Oil falls towards $125 as investors weigh US import ban

Oil falls towards $125 as investors weigh US import ban

  • Russia again promises to let Ukrainians flee seats
  • US bans Russian oil imports, UK to phase them out
  • IEA chief says agency could release more oil from stocks
  • Iran’s chief nuclear talks negotiator returns to Vienna
  • US inventory report shows crude stocks rising

LONDON, March 9 (Reuters) – Oil slipped towards $125 a barrel in volatile trading on Wednesday as investors assessed the US ban of Russian oil imports and Russia announced a new ceasefire in Ukraine on Wednesday to let civilians flee.

A view that the US ban of Russian oil imports may not worsen shortages kept a lid on prices, traders said, as did talk that Ukraine was no longer seeking NATO membership after some news reports this week on the issue. read more

“Maybe this is playing its part,” said Tamas Varga of oil broker PVM said of the Ukraine NATO membership issue.

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“The realization that the US import ban might not materially make the current supply shock worse than it has been might have also triggered this bout of profit-taking,” he added.

Brent crude fell $2.27, or 1.8%, to $125.71 a barrel at 1105 GMT, after earlier rising above $131. US West Texas Intermediate (WTI) fell $3.19, or 2.6%, to $120.51.

Oil also fell as the head of the International Energy Agency described the agency’s decision last week to release 60 million barrels of oil reserves to compensate for supply disruptions following Russia’s invasion as “an initial response” and that more could be released if needed. read more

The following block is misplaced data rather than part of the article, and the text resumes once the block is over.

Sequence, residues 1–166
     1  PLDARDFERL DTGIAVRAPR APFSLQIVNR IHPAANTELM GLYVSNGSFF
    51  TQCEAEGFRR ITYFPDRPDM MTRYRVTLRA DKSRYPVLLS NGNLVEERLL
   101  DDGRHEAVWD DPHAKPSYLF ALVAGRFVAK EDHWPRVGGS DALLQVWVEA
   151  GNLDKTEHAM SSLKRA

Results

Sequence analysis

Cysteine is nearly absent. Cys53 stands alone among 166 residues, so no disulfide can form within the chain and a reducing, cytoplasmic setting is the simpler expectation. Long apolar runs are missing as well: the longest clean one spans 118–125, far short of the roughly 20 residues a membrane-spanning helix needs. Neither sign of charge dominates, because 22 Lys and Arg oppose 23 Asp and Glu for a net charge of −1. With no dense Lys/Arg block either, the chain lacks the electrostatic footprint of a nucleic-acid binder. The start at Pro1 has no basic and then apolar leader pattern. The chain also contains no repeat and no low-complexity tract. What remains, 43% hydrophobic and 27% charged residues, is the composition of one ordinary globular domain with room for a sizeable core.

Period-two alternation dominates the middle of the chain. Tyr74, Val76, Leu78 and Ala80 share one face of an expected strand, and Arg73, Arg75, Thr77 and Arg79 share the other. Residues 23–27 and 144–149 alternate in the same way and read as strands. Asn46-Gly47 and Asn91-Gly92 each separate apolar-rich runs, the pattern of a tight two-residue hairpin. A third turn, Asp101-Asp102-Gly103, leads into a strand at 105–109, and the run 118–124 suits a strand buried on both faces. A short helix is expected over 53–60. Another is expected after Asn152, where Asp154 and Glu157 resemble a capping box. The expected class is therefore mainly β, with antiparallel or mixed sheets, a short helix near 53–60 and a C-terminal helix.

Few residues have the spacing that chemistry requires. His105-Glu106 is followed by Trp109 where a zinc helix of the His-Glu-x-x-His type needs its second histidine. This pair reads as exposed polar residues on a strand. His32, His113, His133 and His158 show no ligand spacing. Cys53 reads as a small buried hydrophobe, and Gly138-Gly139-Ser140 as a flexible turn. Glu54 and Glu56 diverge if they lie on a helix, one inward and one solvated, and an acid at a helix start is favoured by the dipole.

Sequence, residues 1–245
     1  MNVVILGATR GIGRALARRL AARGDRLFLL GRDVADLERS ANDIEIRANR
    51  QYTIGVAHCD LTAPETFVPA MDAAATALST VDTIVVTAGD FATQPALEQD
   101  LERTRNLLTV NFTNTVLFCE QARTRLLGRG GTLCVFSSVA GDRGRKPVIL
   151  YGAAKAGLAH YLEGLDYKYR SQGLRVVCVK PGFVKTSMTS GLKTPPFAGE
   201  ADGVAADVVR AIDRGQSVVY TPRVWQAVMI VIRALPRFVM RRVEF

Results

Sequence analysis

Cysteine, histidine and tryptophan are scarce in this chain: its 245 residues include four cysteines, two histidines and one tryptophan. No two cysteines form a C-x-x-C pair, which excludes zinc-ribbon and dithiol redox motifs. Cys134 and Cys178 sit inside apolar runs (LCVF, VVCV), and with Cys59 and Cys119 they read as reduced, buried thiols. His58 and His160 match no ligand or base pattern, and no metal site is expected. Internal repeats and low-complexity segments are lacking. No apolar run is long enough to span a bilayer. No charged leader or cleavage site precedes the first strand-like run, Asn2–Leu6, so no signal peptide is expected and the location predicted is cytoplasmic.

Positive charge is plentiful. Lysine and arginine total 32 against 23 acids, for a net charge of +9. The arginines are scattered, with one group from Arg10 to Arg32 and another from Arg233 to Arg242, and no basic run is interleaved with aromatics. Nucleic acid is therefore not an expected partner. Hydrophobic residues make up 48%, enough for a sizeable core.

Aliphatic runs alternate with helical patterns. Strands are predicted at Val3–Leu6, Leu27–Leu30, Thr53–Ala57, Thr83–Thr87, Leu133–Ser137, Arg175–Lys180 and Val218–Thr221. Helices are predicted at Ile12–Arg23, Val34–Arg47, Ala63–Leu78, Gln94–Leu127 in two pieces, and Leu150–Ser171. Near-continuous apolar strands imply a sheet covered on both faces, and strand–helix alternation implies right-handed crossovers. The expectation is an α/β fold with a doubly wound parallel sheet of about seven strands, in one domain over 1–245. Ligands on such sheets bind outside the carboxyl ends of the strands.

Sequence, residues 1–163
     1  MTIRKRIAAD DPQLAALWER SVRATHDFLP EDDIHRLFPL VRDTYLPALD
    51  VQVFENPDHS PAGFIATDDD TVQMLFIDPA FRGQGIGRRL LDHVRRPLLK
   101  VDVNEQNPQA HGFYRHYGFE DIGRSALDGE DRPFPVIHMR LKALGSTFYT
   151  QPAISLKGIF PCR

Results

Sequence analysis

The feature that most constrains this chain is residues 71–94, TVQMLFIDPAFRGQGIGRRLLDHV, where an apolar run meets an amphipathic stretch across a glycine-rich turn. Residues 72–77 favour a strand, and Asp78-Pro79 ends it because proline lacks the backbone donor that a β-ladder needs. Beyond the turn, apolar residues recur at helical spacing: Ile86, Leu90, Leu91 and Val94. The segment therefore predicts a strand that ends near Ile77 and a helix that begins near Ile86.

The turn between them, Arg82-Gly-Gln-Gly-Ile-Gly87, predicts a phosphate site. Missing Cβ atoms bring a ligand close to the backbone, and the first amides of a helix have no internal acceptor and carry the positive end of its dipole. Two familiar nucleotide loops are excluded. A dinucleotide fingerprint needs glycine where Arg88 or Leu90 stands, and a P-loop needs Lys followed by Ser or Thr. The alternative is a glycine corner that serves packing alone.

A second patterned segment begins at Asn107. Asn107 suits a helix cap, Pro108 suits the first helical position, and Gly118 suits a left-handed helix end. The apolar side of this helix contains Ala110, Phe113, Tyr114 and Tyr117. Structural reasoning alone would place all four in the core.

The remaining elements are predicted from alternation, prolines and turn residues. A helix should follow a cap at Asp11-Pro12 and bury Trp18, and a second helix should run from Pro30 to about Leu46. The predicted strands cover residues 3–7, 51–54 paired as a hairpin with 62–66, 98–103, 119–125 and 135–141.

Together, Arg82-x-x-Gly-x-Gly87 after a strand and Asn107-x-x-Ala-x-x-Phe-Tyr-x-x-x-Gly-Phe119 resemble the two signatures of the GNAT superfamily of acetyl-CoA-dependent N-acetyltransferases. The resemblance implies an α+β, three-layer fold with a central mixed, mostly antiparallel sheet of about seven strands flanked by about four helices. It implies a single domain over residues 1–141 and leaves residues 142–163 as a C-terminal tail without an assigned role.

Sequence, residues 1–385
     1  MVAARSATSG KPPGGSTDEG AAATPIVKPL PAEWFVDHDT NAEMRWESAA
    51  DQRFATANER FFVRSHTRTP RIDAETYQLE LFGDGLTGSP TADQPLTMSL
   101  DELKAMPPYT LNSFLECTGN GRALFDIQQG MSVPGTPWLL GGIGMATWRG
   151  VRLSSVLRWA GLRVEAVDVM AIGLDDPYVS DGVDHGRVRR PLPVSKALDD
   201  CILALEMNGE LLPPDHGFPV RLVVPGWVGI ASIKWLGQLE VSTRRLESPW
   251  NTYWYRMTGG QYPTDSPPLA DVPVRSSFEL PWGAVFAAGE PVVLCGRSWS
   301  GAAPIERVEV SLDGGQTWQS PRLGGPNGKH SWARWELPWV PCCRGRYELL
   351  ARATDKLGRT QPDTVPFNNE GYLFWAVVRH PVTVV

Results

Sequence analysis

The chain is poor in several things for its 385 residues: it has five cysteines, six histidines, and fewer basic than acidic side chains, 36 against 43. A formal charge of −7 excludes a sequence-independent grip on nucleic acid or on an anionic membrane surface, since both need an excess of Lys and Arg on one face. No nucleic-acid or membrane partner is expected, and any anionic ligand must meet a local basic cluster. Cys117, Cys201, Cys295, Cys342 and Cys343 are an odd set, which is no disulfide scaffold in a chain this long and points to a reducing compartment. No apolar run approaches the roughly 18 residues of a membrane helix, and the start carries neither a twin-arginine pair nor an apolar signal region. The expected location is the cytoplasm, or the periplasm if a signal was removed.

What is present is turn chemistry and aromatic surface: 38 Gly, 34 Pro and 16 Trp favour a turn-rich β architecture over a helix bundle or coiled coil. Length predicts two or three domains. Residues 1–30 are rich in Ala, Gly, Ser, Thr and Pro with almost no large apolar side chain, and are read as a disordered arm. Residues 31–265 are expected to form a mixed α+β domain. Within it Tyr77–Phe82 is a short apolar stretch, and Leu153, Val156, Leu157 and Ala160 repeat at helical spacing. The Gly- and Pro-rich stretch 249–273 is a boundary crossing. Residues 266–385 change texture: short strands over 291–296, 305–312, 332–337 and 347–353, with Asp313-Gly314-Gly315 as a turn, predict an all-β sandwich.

A worker walks past a pump jack on an oil field owned by Bashneft company near the village of Nikolo-Berezovka, northwest from Ufa, Bashkortostan, Russia, January 28, 2015. REUTERS/Sergei Karpukhin

Oil has surged since Russia, the world’s second-largest crude exporter, launched what it called a “special operation” in Ukraine. Brent hit $139 on Monday, its highest since 2008.

On Wednesday, Russia announced a new ceasefire in Ukraine to let civilians flee besieged cities, after days of mostly failed promises that have left hundreds of thousands of Ukrainians trapped without access to medicine or fresh water. read more

In addition to the US decision, Britain also said on Tuesday it would phase Russian imports out and Shell said it would stop buying Russian crude. JP Morgan estimated around 70% of Russian seaborne oil was struggling to find buyers. read more

One potential source of extra oil supply is Iran, which has been in talks with Western powers for months on restoring a deal which lifted sanctions on Iran in return for curbs on its nuclear programme.

Iran’s chief negotiator in the Vienna talks returned to the Austrian capital on Wednesday. read more

Amid concern over supply shortages, there are some signs the market is not short of crude yet.

US crude inventories rose by 2.8 million barrels, according to market sources, citing figures from the American Petroleum Institute, an industry group, on Tuesday. Official US inventory figures are due at 1530 GMT.

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Additional reporting by Yuka Obayashi and Mohi Narayan; editing by Jason Neely and Bernadette Baum

Our Standards: The Thomson Reuters Trust Principles.


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